Former President George W Bush says famed evangelist Billy Graham ended up saving his life by getting him to stop drinking.
The Rev. Billy Graham, who died Wednesday at age 99, was a fixture of the presidency to every man who has held the office back to the early years of the Cold War.
George W. Bush, recalled in an interview with Focus on the Family that he’d been drunk the first time he met Graham at the family compound in Kennebunkport, Maine.
But the two then went for a walk that launched Bush’s rejection of alcohol and embrace of Christianity.
‘We started talking about religion,’ the former president said in the interview.
‘And Billy sent me a Bible and I started reading the Bible.’
In a personal piece written for the Wall Street Journal, Bush writes how he believes that Graham was, with C.S. Lewis, one of the 20th century’s most influential figures in evangelicalism.
He recalls how after meeting him on his grandmother’s porch in Kennebunkport, Maine, in 1985, the pair went for a walk.
‘I was captivated by him. He had a powerful presence, full of kindness and grace, and a keen mind… He told me about one of the Bible’s most fundamental lessons: One should strive to be better, but we’re all sinners who earn God’s love not through our good deeds, but through His grace,’ he said.
Bush explains how after he returned to Texas there was a package waiting for him – it was a copy of The Living Bible – a paraphrase of the Old and New Testaments.
He said it was a transformative moment.
‘God’s work within me began in earnest with Billy’s outreach,” he said.
‘His care and his teachings were the real beginning of my faith walk—and the start of the end of my drinking.
‘I couldn’t have given up alcohol on my own. But in 1986, at 40, I finally found the strength to quit.
‘That strength came from love I had felt from my earliest days and from faith I didn’t fully discover until my later years.’
The former President tells of how he and the pastor had a long relationship and was in awe of his ‘remarkable capacity to minister to everyone he met.’
‘When I was governor of Texas, I sat behind Billy at one of his crusades in San Antonio,’ he said.
‘His powerful message of God’s Love moved people to tears and motivated hundreds to come forward to commit themselves to Christ.’
Bush tells how Graham’s most meaningful service came just days after the 9/11 attacks after he asked him to lead the service at Washington National Cathedral.
‘It was no easy task. America was on bended knee,—frightened, angry and uncertain.’ Bush writes.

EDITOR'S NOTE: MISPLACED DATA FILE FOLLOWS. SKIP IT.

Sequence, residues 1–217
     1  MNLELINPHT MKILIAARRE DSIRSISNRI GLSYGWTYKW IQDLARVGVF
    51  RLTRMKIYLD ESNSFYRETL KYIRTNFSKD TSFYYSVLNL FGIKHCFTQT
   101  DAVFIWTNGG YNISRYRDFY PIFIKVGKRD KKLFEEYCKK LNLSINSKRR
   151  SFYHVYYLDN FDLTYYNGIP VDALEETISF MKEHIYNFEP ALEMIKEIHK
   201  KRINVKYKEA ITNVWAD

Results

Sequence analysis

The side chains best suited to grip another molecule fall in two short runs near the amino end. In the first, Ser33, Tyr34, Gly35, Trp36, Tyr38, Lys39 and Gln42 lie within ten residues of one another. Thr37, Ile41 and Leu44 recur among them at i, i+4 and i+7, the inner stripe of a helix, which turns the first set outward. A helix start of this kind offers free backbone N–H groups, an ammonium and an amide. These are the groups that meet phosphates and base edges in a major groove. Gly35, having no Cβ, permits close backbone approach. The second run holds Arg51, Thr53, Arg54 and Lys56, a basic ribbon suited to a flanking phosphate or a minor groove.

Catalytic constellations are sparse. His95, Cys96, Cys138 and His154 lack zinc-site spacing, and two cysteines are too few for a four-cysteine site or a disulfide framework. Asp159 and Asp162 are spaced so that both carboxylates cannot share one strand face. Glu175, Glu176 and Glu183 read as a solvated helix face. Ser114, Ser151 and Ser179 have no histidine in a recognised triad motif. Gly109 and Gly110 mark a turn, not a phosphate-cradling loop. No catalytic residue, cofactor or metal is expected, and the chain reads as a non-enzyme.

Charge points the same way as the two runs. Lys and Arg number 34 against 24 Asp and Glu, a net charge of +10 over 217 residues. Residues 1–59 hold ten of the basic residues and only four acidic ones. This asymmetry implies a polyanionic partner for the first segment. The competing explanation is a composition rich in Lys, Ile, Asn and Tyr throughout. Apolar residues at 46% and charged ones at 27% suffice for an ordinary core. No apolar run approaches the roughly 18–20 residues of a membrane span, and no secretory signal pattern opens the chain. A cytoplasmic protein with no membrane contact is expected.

‘As only Billy Graham could, he helped us feel God’s arms wrapped around our mourning country.
”We come together today,’ he began, ‘to affirm our conviction that God cares for us, whatever our ethnic, religious or political background may be. The Bible says that he is ‘the God of all comfort, who comforts us in all our troubles.’ God comforted a nation that day through a very special servant.’
‘In a difficult moment, Billy reminded me—and us all—where we can find strength,’ Bush said.
‘Those of us who were blessed to know Billy Graham benefited from his deep convictions and personal example, his wisdom and humility, his grace and purity of heart.
‘We knew that his life was a gift from the Almighty. And I rejoice that he is now in the company of God, Whom he loved so much and served so well,’ the 43rd President concludes in a heartfelt tribute.
Though most presidents have sought guidance from spiritual leaders, Graham’s role at the top echelons of American politics was unique, and there’s no obvious successor likely to fill his shoes as an adviser to leaders from both parties.
The evangelical movement he helped turn into a political force is now most closely aligned with the Republican Party, including Trump, who has been publicly backed by numerous evangelical leaders.
Graham kept a lower profile later in life, but still kept in touch with presidents.
He accepted tributes from a trio of them – Carter, Clinton and the elder Bush – at the dedication of the Billy Graham Library in Charlotte, North Carolina.
In 2010, President Barack Obama visited Graham at his home in Montreat, North Carolina.
He met all 12 of them, plus Donald Trump before he ran for office, and counseled most as they grappled with governing, politics and peace of mind.
SOURCE: Daily Mail